Film studio plans in North Yorkshire criticised as ‘industrialising the countryside’

Film studio plans in North Yorkshire criticised as ‘industrialising the countryside’

Die Pläne der Filmstudios werden wegen der „Industrialisierung des ländlichen Raums“ kritisiert <i style=(Image: Canva)” src=”–/YXBwaWQ9aGlnaGxhbmRlcjt3PTk2MDtoPTY0MA–/ data205db-src” “–/YXBwaWQ9aGlnaGxhbmRlcjt3PTk2MDtoPTY0MA–/>75db698c0>75db698c0>

Film studio plans criticized for “industrialization of rural areas”. (Image: Canva)

The ambition to build a large campus for television and film production studios at Scotch Corner is illogical and would represent rural industrialization, it has been claimed.

The plans envisage the campus being built on prime farmland alongside a designer village, the UK’s largest garden center and a manufacturing facility.

Objections to Scotch Corner Richmond LLP’s plan to construct six sprawling soundstage buildings totaling 27,870 square feet south of Barracks Bank have also claimed developers should consider using a brownfield site instead.

The move follows plans submitted to Richmondshire District Council to develop land to the east of the proposed film campus, land to the north being developed for a designer outlet village and a Blue Diamond Garden Centre.

Read more: Review of The Shawshank Redemption at the Theater Royal in Newcastle

Scotch Corner Richmond LLP said its bid responded to “an urgent need in the film industry” for film and television production space and is in active discussions with a major UK film production company.

According to the documents, “The global rise in popularity of high-quality streamed content has created an incredibly competitive environment for content production, not only between the streaming platforms and producers, but also for traditional broadcasters looking to compete ‘Up their game’ as these streaming services often outperform the very best production values.”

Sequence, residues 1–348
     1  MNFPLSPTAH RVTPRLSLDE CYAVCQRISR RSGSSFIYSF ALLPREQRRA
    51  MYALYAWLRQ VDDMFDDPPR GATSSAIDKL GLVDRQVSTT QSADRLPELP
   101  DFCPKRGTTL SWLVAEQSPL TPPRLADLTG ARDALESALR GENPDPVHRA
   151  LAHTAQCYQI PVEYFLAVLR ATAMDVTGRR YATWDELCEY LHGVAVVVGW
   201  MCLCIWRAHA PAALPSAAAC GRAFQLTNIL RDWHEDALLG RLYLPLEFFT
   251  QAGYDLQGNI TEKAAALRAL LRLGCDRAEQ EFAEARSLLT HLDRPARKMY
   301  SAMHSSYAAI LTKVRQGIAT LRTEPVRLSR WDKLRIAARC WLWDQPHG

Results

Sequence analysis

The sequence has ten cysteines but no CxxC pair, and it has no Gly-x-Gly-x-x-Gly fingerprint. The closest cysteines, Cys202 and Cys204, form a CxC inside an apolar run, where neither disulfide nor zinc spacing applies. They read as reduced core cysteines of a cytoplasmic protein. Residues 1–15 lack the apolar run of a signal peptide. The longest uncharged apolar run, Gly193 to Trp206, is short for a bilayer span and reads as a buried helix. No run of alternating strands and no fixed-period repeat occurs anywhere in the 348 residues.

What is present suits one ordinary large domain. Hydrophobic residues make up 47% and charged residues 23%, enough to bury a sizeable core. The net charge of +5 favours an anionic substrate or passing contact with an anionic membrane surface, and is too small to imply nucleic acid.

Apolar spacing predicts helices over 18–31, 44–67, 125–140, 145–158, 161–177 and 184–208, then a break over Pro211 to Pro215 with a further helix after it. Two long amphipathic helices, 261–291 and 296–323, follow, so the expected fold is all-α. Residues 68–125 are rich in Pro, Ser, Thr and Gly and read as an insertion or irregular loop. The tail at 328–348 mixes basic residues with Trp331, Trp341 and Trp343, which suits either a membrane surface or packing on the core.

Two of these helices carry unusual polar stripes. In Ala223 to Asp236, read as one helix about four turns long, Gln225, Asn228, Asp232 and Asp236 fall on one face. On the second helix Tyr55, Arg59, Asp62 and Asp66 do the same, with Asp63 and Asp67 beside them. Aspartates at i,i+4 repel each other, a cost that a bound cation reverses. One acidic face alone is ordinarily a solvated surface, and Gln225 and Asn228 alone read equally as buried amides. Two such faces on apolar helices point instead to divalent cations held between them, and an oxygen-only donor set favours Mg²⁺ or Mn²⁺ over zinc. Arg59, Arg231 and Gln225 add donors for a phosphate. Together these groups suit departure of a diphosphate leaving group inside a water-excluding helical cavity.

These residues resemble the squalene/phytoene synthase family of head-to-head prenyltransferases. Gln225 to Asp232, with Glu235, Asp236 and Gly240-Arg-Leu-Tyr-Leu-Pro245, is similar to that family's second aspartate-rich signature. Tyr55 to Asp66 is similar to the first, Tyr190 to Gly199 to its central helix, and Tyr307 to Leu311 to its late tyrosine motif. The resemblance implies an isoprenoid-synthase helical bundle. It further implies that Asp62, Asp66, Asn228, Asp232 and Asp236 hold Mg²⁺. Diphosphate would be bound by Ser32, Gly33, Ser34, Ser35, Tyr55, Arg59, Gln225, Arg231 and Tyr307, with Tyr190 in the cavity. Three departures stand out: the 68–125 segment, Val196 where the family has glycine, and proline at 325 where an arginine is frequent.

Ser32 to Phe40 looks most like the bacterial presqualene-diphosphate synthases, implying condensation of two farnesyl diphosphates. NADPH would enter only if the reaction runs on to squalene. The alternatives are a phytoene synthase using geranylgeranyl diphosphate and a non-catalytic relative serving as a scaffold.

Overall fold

The planning documents state that the proposed development would provide Richmondshire with long-term social and economic benefits, including the creation of “up to 300 high-quality job opportunities” if the facility were to operate at full capacity.

The Economic Benefit Statement follows leading North Yorkshire councilors who have expressed concern at unsubstantiated, exaggerated and unverified claims of job creation by other developers.

Continue reading: Darlington’s Give Them Wings is shown at the Hullabaloo

When asked if it was projected that 300 full-time positions would be created on campus and who included the number of “employment opportunities” (like actors and extras), a company spokesman said the number represented “the maximum number that would be achieved at full utilization.” of the plant work”.

The spokesperson added: “You will understand that there may be some cyclical usage depending on the needs of film and television production companies. We expect more indirect jobs to be created through the supply chain to the plant, but we have not quantified this at this time.”

In letters to the Council, objections have been raised that there can be no justification for not using a set-aside land as this would result in the loss of quality arable land, without there being a demonstrable imperative to do so.

One objector stated: “This would lead to an industrialization of the open landscape, detrimental to its appearance and character and in direct conflict with established local and national planning guidelines.

Continue reading:

The objectors have also claimed that the Scotch Corner junction of the A1(M) and A66 is already almost full at peak times, causing congestion along feeder roads.

One objector wrote: “There is no logical reason why this proposal should be located in the chosen site as it is far better suited to an established commercial site.”

For more great stories, subscribe to The Northern Echo for just £1.25 a week. Click here.

Leave a Reply

Your email address will not be published. Required fields are marked *